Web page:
Music News


The marvelously twisted Mael brothers, known in pop circles as Sparks for the past 30 years or so, are living proof of the adage that if you stick around long enough, eventually you'll be back in style. Sparks began life as a slightly more than standard power-pop band, with Russell Mael's flamboyant frontman antics and stratospheric Bryan Ferry-on-helium vocals and Ron Mael's discreet mugging behind the keyboards, all in the service of innocuous songs that guitared-and-bassed along at breakneck speed. Finding little audience here, they relocated to England, where they had a couple of hits in the mid-'70s and finally established something of a cult following.

When the Maels' career stalled in the latter half of the decade, the brothers fired the band and set up shop with disco impresario Giorgio Moroder. Sparks has never been far from the dance floor since then, although there have been occasional returns to style, particularly on 1995's strong comeback, Gratuitous Sax and Senseless Violins, which was a wonderful blend of everything that the Maels have done well since the beginning. Their new label, Oglio, has done a nice job of reissuing the Sparks catalog, last year offering an entire disc's worth of club hits titled, appropriately enough, 12" Mixes.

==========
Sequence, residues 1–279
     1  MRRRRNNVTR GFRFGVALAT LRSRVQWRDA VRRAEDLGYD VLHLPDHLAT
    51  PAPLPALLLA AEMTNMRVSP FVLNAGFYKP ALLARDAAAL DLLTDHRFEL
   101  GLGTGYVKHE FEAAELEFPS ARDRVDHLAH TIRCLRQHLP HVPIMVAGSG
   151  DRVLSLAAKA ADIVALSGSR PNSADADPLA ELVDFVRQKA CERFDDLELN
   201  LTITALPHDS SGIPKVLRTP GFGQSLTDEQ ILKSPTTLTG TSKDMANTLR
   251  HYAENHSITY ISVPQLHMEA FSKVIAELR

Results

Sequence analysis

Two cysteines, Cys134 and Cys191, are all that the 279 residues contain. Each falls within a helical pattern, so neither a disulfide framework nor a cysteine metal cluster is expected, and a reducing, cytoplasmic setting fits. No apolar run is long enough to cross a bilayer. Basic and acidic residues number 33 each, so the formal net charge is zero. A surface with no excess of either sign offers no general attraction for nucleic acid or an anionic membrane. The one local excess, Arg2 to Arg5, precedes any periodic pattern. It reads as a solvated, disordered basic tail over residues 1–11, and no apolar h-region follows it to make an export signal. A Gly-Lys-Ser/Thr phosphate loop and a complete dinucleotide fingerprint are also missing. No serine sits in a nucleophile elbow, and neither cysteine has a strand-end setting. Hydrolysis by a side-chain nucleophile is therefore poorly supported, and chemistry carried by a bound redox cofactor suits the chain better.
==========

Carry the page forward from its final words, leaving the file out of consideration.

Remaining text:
Finally the Maels emerge with Balls, their first new album in the five years since Sax/Violins, and it's a cracker. With just a couple of minor tweaks, Sparks has become a decent techno band with great beats, simmering synths, appropriately crunchy guitar, and patented off-kilter lyrical concerns. The poppy throb of the title track and "Aeroflot" show just how effectively the Maels have incorporated their previous style shifts into their current sonic arsenal. The majestic "More Than a Sex Machine" moves into the gentle insistence of "Scheherazade" and "The Calm Before the Storm," all of which build to dramatic conclusions with bubbling pop precision. The clever and melancholy "How to Get Your Ass Kicked" is an uncharacteristic lull in Balls but not an unwelcome one, as it demonstrates the notching down of the band's manic goofiness in favor of a more discernible sense of fun and humor. It's only right that Sparks should make a comeback now: They were giddy pop geeks before Devo, pounding synth mixers before Moby, and beat-heavy cartoons way before the Beastie Boys. Everybody got their Sparks from somewhere.

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Brian Baker